Halacha for Wednesday 29 Sivan 5781 June 9 2021

How Much Tzedakah One Must Donate

The Rambam, Tur, and Maran Ha’Shulchan Aruch write that the amount one should donate for Tzedakah is, if one can afford it, based on the necessities of the needy people. This means that if one is extremely wealthy and can provide for the needs of poor people in one’s city, one should indeed donate whatever they lack. If one cannot afford this, the most preferable way to perform this Mitzvah is to donate up to one-fifth of one’s money to Tzedakah. However, if one gives a tenth of what one has, this is considered a “middle” level (although not as good as one who gives up to a fifth). Many great and righteous people indeed have the custom to give “a tithe of their money” by donating one-tenth of all of their profits to Tzedakah. If one donates less than a tenth to Tzedakah, one is considered by our Sages to have “a bad eye,” for one only gives others a small amount of his money (i.e. stingy).

The level of giving a fifth is the highest of all and is derived from a verse in the Torah. Indeed, the Tur writes that it is a known and tested fact that one does not lose money by donating Tzedakah; on the contrary, it shall bring one more wealth and honor as the verse states, “Upon beginning to bring the donation to the house of Hashem, eat, be satisfied, and leave over an abundant amount, for Hashem has blessed his nation.” Indeed, our Sages tell us (Shabbat 119a), “Take off tithes so that you shall become wealthy.”

The Gemara in Masechet Ketubot (50a) states: “Rabbi Il’a said: It was established in Usha that one should not donate more than one-fifth of one’s possessions to Tzedakah lest one become dependent on Tzedakah as a result.” Nevertheless, several Poskim write that this only applies to regular individuals; however, an especially wealthy person who wishes to may give more than a fifth of his assets to Tzedakah and he shall be blessed from above. This can be inferred from the Poskim we have quoted above who write that if one has the means, one should provide for the needs of all of the poor in his city and only afterwards did they mention the level of one giving a fifth which is the highest level. We can understand that they were originally referring to a donation of more than one-fifth which applies to an extremely wealthy individual who can provide for the needs of many.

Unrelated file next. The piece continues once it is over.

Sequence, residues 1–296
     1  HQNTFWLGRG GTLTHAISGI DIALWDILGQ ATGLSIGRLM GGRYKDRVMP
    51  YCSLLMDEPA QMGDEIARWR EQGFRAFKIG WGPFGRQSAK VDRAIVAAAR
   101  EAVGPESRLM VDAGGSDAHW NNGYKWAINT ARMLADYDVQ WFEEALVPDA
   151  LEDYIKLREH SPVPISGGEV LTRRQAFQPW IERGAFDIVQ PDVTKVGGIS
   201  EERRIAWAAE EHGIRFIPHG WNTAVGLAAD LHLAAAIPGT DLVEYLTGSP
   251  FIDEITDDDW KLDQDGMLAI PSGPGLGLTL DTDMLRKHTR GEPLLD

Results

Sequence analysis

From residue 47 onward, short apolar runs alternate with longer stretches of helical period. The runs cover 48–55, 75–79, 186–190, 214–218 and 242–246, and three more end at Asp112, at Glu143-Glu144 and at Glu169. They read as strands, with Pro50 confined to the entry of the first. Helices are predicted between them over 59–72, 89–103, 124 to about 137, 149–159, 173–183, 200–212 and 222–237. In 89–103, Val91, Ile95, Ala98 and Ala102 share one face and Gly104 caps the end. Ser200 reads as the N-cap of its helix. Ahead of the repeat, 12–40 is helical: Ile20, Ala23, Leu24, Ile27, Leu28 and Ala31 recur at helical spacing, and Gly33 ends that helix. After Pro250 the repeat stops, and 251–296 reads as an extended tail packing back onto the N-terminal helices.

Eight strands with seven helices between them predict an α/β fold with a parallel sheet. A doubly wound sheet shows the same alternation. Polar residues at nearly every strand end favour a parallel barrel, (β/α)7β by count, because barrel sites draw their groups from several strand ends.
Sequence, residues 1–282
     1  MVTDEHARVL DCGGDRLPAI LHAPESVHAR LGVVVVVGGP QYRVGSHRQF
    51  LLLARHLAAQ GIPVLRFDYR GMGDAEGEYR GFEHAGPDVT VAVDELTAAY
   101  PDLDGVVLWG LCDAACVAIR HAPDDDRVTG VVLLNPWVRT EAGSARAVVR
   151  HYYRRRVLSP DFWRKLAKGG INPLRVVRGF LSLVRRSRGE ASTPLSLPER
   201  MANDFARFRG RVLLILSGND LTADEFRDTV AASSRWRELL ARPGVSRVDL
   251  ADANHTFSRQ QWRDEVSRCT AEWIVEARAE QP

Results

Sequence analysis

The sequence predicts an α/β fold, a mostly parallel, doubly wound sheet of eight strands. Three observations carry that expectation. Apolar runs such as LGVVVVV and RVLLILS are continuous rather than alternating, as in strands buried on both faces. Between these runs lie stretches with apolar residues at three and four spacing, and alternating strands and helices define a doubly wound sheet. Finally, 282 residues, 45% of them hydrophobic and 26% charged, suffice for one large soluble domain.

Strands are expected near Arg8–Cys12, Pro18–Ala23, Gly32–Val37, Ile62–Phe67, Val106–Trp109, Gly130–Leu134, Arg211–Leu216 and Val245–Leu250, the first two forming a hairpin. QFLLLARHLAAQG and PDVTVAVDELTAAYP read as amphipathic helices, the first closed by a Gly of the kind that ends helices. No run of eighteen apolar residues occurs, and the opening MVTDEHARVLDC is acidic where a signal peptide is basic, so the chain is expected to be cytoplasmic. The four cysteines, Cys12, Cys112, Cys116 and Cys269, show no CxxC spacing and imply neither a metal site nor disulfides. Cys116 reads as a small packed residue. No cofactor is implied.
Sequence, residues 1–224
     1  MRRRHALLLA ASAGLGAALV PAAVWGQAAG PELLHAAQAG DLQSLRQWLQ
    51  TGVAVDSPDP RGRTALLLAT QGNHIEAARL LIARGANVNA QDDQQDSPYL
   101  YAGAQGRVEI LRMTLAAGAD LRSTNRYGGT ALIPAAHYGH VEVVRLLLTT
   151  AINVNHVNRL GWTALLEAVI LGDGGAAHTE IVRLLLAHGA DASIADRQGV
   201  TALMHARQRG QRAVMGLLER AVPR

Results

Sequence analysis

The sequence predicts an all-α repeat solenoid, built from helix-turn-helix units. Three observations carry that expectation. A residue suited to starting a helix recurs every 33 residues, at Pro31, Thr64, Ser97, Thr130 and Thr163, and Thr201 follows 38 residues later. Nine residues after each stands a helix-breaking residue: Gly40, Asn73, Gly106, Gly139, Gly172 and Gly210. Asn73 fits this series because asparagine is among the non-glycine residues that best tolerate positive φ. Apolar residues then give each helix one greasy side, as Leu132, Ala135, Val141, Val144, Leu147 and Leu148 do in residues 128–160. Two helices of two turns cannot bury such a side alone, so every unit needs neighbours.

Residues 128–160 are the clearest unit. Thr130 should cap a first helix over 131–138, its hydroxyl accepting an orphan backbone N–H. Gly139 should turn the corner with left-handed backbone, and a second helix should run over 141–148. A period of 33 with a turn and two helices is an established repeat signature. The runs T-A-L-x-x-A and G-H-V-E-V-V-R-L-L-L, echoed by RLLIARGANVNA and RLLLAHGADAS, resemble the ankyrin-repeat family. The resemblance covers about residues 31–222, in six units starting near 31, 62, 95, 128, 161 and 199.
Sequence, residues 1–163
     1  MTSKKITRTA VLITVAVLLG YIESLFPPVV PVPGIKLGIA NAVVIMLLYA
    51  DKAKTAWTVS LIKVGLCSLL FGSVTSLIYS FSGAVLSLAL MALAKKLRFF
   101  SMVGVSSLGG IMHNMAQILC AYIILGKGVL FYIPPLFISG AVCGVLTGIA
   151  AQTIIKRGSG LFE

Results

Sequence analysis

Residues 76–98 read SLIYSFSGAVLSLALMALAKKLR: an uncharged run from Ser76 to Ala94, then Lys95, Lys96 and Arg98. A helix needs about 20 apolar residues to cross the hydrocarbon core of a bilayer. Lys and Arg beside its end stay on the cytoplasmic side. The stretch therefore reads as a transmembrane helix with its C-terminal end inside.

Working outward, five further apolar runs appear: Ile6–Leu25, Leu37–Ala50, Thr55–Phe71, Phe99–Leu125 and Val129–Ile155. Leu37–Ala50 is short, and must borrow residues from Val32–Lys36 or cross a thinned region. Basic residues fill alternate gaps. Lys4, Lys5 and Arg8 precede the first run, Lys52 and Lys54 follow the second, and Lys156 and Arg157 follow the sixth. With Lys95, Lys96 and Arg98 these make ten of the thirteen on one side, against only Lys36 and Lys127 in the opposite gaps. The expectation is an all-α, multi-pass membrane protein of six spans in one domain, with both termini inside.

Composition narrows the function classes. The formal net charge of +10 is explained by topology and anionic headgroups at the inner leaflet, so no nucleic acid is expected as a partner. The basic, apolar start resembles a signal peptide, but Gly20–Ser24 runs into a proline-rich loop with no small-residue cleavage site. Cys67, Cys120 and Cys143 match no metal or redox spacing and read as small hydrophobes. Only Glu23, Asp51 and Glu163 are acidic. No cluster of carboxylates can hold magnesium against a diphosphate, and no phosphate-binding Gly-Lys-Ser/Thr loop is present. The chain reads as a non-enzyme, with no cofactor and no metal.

One should not give less than the worth of one-third of a silver shekel per year, for this is the minimum amount of Tzedakah one must give as prescribed by Torah law. If one gives less than this amount, one has not fulfilled one’s obligation of donating Tzedakah. This amounts to the worth of approximately seven grams of pure silver. However, this is clearly a very low level of donating Tzedakah and would the Sages of Israel be in control, one would be forced to give as much as one could afford. Certainly, Hashem shall collect His dues from this person, for as we have said, Hashem pities the downtrodden and hears their prayers. Indeed, a Heavenly voice rings out from Har Sinai daily and cries, “Woe is to the world because of the humiliation of the Torah,” for there are countless Torah scholars who do not have enough money to even live a humble and simple lifestyle. However, if one generously donates money to Tzedakah, especially to G-d-fearing Torah scholars, one’s reward will be great indeed and all sorts of evil decrees shall be nullified for him, for Tzedakah saves from certain death. We see this from the woman from Tzefat who gave a small cake to Eliyahu Ha’Navi and because of this, her son, who was already dead, came back to life and she merited enjoying him for many more years.